At the end of April oil output in OPEC countries reached a record high, largely because of ramped up production in Iraq and Iran.

BP was the first oil company to return to Iraq. Together with PetroChina, BP provides services to the country's largest oilfield, Rumaila, which is expected to boost production by 50% between 2014 and 2020.

Now BP and NOC are reviving the Kirkuk field, although some projects could be uncertain if the government is unable to find enough oil to pay the IOCs.

The lifting of sanctions in Iran will revive the country's oil and gas industry, at least once the fields have been upgraded and a new investment contract for IOCs, promised for July, is in place.

Production is expected to quadruple in Iran's West Quroon, the fourth largest oil field in the world.

Onshore production

In Saudi Arabia, Saudi Aramco has awarded Saipem the contract to expand the onshore production centres at the Khurais, Mazalij and Abu Jifan fields.

Saipem also won the contract to develop the offshore Arabiyah and Hasbah fields.

Saudi Arabia is also planning three gas plants: Fadhili (on-stream in 2019) will process gas from the Khursaniyah on-shore gas field and fuel an adjacent cogeneration plant; the new Shaybah NGL (Natural Gas Liquids) plant will meet increasing demand for petrochemical feedstock by recovering NGL from produced gas; Wasit will process non-associated gas from offshore fields, and will also be able to produce NGL.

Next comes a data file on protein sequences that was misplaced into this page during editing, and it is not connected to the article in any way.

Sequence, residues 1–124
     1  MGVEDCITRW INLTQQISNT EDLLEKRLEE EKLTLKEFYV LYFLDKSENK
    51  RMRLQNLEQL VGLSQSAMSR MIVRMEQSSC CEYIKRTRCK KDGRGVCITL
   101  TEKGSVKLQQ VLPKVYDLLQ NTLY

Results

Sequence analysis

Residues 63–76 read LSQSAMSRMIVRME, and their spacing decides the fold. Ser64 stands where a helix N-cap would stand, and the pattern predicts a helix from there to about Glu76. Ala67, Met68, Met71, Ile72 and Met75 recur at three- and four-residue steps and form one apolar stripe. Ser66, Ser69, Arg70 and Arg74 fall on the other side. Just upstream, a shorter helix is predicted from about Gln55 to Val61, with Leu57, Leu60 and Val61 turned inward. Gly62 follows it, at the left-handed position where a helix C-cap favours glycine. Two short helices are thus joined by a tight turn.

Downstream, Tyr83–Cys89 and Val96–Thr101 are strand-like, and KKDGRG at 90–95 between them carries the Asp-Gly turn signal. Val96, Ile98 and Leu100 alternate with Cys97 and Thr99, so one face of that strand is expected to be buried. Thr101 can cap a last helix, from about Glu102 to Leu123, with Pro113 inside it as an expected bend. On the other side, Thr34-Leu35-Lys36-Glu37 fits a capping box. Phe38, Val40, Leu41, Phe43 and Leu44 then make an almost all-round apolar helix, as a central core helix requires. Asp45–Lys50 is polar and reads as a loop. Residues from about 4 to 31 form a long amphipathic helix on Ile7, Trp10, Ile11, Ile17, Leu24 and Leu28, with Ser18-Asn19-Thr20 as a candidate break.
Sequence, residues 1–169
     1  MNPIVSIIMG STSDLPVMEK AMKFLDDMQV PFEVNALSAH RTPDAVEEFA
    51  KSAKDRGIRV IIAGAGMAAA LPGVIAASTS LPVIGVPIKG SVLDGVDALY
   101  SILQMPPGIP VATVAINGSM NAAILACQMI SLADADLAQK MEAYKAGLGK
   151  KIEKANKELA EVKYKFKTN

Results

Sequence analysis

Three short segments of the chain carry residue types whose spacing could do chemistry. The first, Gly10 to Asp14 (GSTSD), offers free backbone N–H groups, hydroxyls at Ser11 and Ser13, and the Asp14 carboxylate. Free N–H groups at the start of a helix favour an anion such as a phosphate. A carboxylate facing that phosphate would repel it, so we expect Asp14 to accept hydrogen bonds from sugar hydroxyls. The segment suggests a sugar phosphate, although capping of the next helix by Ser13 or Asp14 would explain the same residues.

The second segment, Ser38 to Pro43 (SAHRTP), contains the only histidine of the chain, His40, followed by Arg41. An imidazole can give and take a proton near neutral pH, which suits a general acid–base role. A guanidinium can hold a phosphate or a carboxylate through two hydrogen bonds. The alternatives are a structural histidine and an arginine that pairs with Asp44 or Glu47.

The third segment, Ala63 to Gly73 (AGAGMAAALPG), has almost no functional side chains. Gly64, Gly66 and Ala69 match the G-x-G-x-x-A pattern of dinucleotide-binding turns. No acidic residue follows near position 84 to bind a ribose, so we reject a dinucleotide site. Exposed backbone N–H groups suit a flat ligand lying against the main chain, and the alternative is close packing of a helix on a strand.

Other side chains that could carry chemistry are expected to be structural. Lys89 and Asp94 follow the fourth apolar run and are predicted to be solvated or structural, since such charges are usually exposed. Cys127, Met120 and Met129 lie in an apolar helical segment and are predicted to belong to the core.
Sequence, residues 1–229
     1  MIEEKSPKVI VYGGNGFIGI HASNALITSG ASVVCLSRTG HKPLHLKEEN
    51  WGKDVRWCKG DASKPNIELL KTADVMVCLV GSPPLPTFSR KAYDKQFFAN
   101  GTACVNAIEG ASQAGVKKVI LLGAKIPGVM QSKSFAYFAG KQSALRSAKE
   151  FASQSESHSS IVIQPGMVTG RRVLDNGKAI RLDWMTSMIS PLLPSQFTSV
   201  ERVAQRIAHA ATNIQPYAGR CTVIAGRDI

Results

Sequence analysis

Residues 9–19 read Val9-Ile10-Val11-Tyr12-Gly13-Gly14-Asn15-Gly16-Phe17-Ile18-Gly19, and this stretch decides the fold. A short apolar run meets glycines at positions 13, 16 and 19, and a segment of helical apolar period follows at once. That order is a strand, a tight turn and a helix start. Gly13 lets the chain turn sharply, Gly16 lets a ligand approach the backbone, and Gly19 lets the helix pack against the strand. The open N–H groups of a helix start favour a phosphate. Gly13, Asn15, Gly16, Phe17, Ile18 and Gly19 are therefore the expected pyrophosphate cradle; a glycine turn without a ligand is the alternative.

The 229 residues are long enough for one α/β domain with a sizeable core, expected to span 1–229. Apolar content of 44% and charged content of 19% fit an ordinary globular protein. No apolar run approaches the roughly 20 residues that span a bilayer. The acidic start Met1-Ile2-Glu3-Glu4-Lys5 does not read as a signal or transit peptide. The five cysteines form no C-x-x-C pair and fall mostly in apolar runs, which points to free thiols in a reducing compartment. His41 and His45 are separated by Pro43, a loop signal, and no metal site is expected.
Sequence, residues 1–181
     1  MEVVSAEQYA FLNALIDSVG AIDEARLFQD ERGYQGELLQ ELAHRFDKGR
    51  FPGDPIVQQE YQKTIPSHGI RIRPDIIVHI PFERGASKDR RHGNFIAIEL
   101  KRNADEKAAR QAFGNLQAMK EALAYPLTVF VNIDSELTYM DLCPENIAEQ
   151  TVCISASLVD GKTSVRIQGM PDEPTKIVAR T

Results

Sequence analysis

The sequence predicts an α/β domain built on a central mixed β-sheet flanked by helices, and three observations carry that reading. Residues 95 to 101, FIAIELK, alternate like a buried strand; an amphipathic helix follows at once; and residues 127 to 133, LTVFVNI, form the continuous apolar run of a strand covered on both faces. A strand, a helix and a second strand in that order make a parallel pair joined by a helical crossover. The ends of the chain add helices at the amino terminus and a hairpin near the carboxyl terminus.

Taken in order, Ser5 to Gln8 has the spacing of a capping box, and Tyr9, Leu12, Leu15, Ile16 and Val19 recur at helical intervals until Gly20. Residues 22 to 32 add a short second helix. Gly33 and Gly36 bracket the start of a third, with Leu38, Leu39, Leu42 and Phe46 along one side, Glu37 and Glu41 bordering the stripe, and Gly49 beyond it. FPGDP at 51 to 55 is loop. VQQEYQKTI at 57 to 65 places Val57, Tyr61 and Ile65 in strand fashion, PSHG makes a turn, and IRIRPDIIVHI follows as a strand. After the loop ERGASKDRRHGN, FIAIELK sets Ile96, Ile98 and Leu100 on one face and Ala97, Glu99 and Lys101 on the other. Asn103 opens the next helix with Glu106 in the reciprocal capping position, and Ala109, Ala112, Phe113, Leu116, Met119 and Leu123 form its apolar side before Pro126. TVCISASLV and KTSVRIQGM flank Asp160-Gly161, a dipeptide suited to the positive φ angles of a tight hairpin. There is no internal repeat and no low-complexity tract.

Egypt has been very active, offering large contracts to Eni and BOP in 2014.

The largest oilfield is Belayim, discovered by Eni in 2014, whilst the largest gas field, Zohr, was discovered by Eni in September 2015.

In Oman, BP and Oman Oil have agreed to further develop the Kazzan offshore tight gas field. The project was given the go-ahead in 2013, and first gas of phase 1 is expected in 2017.

World's largest gas plant

Further, Saudi Aramco is planning the world's largest industrial gas plant at Jazan, and also the world's largest chemical complex, Sadara, in partnership with the Dow Chemical company.

Other Saudi Aramco ventures include the Petro Rabigh refinery (with Sumitomo Chemical), which will produce naphtha.

Iraq is bristling with projects: the refineries at Basra and Ruwais are to be upgraded whilst another refinery is taking shape at Karbala, 120km south of Baghdad.

Basra will see a new petrochemical plant, Shell's Nibras complex.

Other projects reveal how several countries are looking to use low feedstock prices to diversify their economies.

For example, Kuwait is planning a refinery at Al-Zour that will start up in 2018 or 2019 whilst Egypt is modernizing its MIDOR refinery at Alexandria.

Other examples include Oman where BP's PTA technology is being used for a unit that will be built at Sohar whilst in the nearby UAE, Borouge is about to start operation of its third-phase polyolefins expansion.

Meanwhile Iran is expanding its Siraf refinery to export to Asia, and it is planning 14 fuel production lines at the Lavan oil refinery.

Drilling in the Meleiha Cavalletto concession in the Agiba onshore field in Egypt

Drilling in the Meleiha Cavalletto concession in the Agiba onshore field in Egypt. Photo: ENI.

This is an abridged version of James Chater's article about the Middle East, which included a project overview from additional sectors such as chemicals, energy and desalination. To receive a copy, please contact David Sear on
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